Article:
Federal Reserve Vice Chairman Janet Yellen said the central bank will “carefully consider” how to apply new regulatory standards to insurance companies that fall under the central bank’s supervision.
The Dodd-Frank Act gives regulators the authority to place insurance companies and other non-bank financial institutions under Fed supervision if they are large enough to pose systemic risk to the financial system.
Companies such as New York-based MetLife Inc. argue that their businesses aren’t suited to bank- like regulation in part because their liabilities are in the form of policies rather than short-term deposits. State insurance regulators have also criticized applying bank-like rules to insurers.
In a written response to questions from Louisiana Republican Senator David Vitter, Yellen pointed out that Dodd- Frank does not permit regulators to apply minimum capital requirements that are lower than those for banks.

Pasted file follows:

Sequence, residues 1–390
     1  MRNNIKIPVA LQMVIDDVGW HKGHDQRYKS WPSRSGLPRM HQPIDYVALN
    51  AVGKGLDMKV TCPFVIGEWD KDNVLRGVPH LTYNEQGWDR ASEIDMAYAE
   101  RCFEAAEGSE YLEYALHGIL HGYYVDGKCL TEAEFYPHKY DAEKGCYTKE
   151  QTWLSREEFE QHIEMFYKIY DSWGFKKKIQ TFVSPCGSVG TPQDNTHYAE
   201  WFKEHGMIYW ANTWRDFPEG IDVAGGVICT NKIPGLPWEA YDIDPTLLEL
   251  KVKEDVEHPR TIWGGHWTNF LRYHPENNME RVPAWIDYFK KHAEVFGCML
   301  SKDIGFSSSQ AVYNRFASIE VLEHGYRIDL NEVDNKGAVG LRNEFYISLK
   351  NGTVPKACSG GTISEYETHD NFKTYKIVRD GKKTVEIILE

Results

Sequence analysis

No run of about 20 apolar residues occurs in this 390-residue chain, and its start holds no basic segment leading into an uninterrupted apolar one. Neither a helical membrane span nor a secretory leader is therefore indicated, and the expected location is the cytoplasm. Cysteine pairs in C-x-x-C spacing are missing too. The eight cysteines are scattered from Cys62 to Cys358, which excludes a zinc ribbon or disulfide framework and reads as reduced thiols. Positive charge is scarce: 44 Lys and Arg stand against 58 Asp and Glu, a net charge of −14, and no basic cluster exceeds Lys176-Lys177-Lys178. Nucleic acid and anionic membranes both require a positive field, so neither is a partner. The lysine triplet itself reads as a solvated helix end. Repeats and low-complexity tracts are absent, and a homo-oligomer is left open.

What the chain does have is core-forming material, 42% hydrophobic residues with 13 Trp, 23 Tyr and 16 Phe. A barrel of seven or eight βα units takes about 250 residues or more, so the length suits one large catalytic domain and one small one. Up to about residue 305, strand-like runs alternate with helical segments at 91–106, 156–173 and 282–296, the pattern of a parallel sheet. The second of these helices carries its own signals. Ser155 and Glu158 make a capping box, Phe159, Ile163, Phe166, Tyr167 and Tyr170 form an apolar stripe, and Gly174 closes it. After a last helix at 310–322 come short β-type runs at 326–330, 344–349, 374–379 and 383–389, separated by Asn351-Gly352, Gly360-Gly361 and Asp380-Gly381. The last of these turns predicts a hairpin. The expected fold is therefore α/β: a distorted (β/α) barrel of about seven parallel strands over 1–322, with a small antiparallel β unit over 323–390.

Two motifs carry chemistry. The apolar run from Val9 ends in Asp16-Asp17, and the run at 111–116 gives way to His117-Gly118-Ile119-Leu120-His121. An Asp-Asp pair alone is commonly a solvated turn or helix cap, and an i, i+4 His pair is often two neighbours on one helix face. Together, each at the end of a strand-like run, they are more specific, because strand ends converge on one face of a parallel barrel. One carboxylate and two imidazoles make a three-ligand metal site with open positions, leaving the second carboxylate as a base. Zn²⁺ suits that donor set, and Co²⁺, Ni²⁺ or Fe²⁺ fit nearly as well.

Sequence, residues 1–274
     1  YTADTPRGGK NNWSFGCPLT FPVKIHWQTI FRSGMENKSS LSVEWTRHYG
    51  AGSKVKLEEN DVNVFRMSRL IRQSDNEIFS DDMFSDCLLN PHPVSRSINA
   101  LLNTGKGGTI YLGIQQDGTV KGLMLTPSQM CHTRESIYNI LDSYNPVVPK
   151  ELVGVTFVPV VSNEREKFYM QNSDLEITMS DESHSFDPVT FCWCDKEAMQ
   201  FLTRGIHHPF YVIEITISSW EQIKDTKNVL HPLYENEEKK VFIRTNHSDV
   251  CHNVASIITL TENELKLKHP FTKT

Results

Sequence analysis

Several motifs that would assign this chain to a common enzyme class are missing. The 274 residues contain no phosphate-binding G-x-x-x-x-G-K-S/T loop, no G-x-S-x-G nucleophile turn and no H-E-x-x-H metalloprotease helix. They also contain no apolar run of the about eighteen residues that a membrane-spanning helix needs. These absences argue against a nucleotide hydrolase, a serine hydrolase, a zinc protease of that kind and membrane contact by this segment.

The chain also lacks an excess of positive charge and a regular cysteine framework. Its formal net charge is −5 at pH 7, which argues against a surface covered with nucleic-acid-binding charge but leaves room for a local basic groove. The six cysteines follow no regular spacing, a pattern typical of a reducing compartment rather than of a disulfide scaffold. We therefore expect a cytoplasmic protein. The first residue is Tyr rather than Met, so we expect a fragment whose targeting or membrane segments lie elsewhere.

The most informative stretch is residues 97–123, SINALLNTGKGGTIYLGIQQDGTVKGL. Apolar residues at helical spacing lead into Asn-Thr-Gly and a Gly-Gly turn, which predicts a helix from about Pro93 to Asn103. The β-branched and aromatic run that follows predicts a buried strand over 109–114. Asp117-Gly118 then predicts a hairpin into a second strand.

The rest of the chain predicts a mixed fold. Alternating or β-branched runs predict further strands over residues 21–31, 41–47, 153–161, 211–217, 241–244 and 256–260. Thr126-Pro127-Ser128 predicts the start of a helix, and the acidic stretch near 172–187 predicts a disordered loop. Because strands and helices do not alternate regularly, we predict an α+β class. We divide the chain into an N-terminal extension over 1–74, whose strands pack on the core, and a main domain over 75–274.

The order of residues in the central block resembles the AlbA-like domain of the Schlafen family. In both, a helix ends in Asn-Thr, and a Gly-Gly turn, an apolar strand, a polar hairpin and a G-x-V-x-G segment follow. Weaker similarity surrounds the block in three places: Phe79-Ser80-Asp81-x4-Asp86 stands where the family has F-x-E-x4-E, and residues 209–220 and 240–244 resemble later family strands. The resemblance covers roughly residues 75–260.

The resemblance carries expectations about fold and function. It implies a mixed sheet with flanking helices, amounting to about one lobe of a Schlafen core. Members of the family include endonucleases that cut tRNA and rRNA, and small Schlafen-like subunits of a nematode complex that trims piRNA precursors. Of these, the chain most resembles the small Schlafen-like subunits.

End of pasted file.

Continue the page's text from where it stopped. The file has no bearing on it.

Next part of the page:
“The Board continues to carefully consider how to design capital rules for Board-regulated companies that are insurance companies,” Yellen wrote in her response.
President Barack Obama nominated Yellen last month to serve as Fed chairman when Ben S. Bernanke’s term ends Jan. 31. Yellen appeared before the Senate Banking Committee last week in a hearing on her nomination.
During her Senate nomination hearing, Yellen said she believes that the insurance industry and other non-bank institutions deserve better than being subject to a “one-size-fits-all” regulatory scheme created for banks.
She also agreed that community banks also merit a regulatory scheme that fits their own business model rather than that of large systemically important banks.
–Editors: Kevin Costelloe, Chris Fournier